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Celgene Corp. v. Hetero Labs Ltd.

Case Name: Celgene Corp. v. Hetero Labs Ltd., 17-3387 (ES) (MAH), 2018 U.S. Dist. LEXIS 34025 (D.N.J. Mar. 2, 2018) (Salas, J.) 

Drug Product and Patents-in-Suit: Pomalyst® (pomalidomide capsules); U.S. Patents Nos. 8,198,262 (“the ’262 patent”), 8,673,939 (“the ’939 patent”), 8,735,428 (“the ’428 patent”), and 8,828,427 (“the ’427 patent”)

Nature of the Case and Issue(s) Presented: Defendants Mylan Pharmaceuticals, Inc., Mylan, Inc., and Mylan N.V. (together “Mylan”) moved to dismiss Plaintiff Celgene’s complaint for improper venue, lack of subject matter, and failure to state a claim. The court denied Mylan’s motion but opened limited discovery for venue related purposes.

Why Celgene Prevailed: The court first determined that, despite a split in how courts attribute the burden of proof in motions to dismiss for improper venue, Mylan, the party opposing venue, bore the burden of proof. Further, based on Mylan’s declarations, the court found sufficient evidence to demonstrate that Mylan did not reside in the District of New Jersey. But the court also found that Mylan had not met its burden of proving that it did not commit acts of infringement in the district. Mylan argued that it, by definition, had not committed an act of infringement, as Hatch-Waxman litigation contemplates acts of future, not past, infringement. The court disagreed, concluding that acts of infringement, in the Hatch-Waxman context, includes acts that the ANDA applicant non-speculatively intends to take if its ANDA is approved. Thus, Mylan had allegedly committed acts of infringement in the district. Finally, the court concluded that it did not have enough information to determine whether Mylan had a regular and established place of business in New Jersey. Accordingly, the court ruled that Celgene should be allowed to take limited venue-related discovery for the purpose of making this showing.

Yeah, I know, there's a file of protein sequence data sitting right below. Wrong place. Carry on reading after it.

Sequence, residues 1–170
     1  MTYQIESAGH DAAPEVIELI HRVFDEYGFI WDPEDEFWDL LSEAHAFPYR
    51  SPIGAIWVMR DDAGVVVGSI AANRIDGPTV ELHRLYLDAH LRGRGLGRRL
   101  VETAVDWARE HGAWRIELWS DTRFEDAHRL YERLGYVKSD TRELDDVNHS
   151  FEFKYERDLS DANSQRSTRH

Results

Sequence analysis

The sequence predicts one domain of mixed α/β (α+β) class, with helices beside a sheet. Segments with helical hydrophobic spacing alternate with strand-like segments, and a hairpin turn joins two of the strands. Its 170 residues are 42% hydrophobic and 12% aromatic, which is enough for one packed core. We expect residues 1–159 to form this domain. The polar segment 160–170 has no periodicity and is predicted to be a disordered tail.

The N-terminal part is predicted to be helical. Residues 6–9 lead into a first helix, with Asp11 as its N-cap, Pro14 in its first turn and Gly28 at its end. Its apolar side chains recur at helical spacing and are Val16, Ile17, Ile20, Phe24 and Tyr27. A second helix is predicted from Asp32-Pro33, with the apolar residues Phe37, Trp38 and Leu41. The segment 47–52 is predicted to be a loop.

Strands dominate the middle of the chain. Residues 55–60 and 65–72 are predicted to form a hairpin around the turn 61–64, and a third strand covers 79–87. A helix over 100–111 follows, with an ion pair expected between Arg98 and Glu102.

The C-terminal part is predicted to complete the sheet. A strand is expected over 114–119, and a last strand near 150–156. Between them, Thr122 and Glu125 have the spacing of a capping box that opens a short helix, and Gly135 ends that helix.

Because the court permitted venue-related discovery, it determined that the arguments that Celgene failed to state a claim upon which relief could be granted was moot for the time being. For this reason, the court denied the failure-to-state-a-claim portion of Mylan’s motion, but did so without prejudice so that Mylan could raise the issue again after discovery. Similarly, the court also denied Mylan’s motion to dismiss for lack of subject-matter jurisdiction, but did so without prejudice so that Mylan could raise the issue at a later date.



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